Where you run into headaches with doing this is when your A/D device be it an Arduino or other uC (micro-controller) type device is what is known as "common mode" most devices have common mode voltage range or limits. Arduino uses a single ended input referenced to Ground so that won't work. Even if we add a A/D which has differential inputs to our Arduino we still have common mode to deal with.

A suggested work around was using analog output optical couplers which I never had much luck with as to them being linear.

Analog Devices’ family of multicell, high voltage battery stack monitors are complete battery monitoring ICs that include 16-bit ADCs, precision voltage references, a high voltage input multiplexer, and a serial interface. Parts can be connected in series, without optocouplers or isolators, to allow the monitoring of every cell in a long string of series-connected batteries. Applications include electric and hybrid electric vehicles, high power portable equipment, backup battery systems, and high voltage data acquisition systems.

Analog Devices has done quite a bit of development with measuring cells in a stack. You may find something helpful in there.

Ron
 

ElectricSpidey

Joined Dec 2, 2017
927
My first thought would be to have a DPST mechanical relay at each cell with their output connected to a single buss connected to a single ADC, and use a digital MUX matrix to select the relays. (with load drivers)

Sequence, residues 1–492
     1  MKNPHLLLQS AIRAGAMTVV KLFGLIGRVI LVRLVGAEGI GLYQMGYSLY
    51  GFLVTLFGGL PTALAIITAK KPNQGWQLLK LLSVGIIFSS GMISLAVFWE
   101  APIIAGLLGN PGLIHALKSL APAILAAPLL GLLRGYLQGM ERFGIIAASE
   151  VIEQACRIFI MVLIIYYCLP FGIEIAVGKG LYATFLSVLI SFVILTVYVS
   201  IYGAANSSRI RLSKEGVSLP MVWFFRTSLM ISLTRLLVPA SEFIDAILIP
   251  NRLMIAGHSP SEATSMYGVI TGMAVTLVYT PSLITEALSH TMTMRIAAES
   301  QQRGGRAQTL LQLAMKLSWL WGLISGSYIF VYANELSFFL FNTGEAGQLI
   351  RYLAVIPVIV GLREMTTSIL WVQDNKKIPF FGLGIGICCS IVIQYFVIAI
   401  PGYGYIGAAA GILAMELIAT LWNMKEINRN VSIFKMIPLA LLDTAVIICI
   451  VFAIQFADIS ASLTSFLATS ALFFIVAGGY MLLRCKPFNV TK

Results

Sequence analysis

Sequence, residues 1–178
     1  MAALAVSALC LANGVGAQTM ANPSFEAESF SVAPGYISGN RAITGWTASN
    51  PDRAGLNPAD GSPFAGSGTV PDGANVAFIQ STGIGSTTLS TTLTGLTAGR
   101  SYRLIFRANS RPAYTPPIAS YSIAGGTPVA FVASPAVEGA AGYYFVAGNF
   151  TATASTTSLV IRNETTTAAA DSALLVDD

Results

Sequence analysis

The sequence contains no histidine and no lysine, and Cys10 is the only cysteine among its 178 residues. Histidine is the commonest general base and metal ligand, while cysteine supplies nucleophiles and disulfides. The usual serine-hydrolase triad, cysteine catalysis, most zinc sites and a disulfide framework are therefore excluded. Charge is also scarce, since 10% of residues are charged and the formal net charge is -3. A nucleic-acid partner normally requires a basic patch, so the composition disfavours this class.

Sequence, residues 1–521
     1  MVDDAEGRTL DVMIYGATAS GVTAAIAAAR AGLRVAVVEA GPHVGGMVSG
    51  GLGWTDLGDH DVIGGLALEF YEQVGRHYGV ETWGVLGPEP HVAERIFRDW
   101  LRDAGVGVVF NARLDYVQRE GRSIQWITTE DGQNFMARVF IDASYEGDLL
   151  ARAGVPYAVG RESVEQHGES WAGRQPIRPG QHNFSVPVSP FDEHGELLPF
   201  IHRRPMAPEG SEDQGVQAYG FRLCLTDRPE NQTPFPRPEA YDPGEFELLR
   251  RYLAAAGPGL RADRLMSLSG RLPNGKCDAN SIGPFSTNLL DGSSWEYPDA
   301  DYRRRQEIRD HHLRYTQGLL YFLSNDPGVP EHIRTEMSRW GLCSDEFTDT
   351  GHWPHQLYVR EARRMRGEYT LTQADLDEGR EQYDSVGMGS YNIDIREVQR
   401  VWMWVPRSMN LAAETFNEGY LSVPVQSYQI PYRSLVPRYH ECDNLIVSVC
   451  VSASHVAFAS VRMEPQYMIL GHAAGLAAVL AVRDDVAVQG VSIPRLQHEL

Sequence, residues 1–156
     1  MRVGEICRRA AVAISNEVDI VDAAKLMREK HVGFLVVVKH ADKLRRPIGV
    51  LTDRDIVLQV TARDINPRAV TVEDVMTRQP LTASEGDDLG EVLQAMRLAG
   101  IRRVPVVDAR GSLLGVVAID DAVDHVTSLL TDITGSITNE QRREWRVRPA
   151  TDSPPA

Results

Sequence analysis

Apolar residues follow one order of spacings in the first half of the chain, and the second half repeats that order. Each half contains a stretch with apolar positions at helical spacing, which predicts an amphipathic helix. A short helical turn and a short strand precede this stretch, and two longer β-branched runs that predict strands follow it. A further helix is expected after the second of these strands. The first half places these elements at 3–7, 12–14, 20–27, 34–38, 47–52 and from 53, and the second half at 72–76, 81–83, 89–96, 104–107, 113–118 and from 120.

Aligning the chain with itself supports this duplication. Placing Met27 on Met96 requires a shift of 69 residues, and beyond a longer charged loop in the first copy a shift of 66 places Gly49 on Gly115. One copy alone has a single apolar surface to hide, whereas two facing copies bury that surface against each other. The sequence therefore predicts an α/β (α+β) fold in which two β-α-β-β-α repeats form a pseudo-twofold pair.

You could use analog MUXs but you would have to use them in pairs, because you need to sample both leads.

I’m pretty sure the PSoC 5LP boards have the ADC to do the job (differential).
 

Reloadron

Joined Jan 15, 2015
5,140
My first thought would be to have a DPST mechanical relay at each cell with their output connected to a single buss connected to a single ADC, and use a digital MUX matrix to select the relays. (with load drivers)

You could use analog MUXs but you would have to use them in pairs, because you need to sample both leads.

I’m pretty sure the PSoC 5LP boards have the ADC to do the job (differential).
Differential is not the problem. I can hang an ADS1115 on an Arduino and have increased 16 bit resolution, programmable gain and other nice to have features like I2C interface. The problem will always come down to common mode voltage. That has always been the issue with measuring individual cells in a series configuration battery. Multicell stackable monitors were developed for doing just this. Earlier I mentioned Analog Devices but TI (Texas Instruments) is also into making solutions for doing this. Here is a good example from TI and these can be daisy chained, each capable of monitoring 16 cells. The bq76PL455A-Q1 16-Cell EV/HEV Integrated Battery Monitor and Protector is a solution based on need with Electric and Hybrid Electric Vehicles. This is one of those things which at first glance looks like it should be easy till you get into doing it.

Ron
 

dendad

Joined Feb 20, 2016
3,329
I agree with Ron.
Go with the already developed parts, otherwise you are in for a lot of work.
This is a case of do not try to reinvent the wheel. Unless you really want to have a go that is.